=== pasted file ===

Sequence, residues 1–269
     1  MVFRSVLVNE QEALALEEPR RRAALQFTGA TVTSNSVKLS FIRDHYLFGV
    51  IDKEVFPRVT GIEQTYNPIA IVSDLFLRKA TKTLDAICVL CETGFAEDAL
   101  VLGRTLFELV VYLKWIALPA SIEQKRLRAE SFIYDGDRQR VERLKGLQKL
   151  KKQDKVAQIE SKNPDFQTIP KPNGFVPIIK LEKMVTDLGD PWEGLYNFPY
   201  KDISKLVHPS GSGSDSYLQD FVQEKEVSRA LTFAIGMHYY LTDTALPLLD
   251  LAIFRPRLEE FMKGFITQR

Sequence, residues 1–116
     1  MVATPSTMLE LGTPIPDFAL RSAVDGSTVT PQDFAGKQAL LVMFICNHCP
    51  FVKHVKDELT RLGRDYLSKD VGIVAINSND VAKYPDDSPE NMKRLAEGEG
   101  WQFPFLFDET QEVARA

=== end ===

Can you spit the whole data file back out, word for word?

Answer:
Sequence, residues 1–269
     1  MVFRSVLVNE QEALALEEPR RRAALQFTGA TVTSNSVKLS FIRDHYLFGV
    51  IDKEVFPRVT GIEQTYNPIA IVSDLFLRKA TKTLDAICVL CETGFAEDAL
   101  VLGRTLFELV VYLKWIALPA SIEQKRLRAE SFIYDGDRQR VERLKGLQKL
   151  KKQDKVAQIE SKNPDFQTIP KPNGFVPIIK LEKMVTDLGD PWEGLYNFPY
   201  KDISKLVHPS GSGSDSYLQD FVQEKEVSRA LTFAIGMHYY LTDTALPLLD
   251  LAIFRPRLEE FMKGFITQR

Sequence, residues 1–116
     1  MVATPSTMLE LGTPIPDFAL RSAVDGSTVT PQDFAGKQAL LVMFICNHCP
    51  FVKHVKDELT RLGRDYLSKD VGIVAINSND VAKYPDDSPE NMKRLAEGEG
   101  WQFPFLFDET QEVARA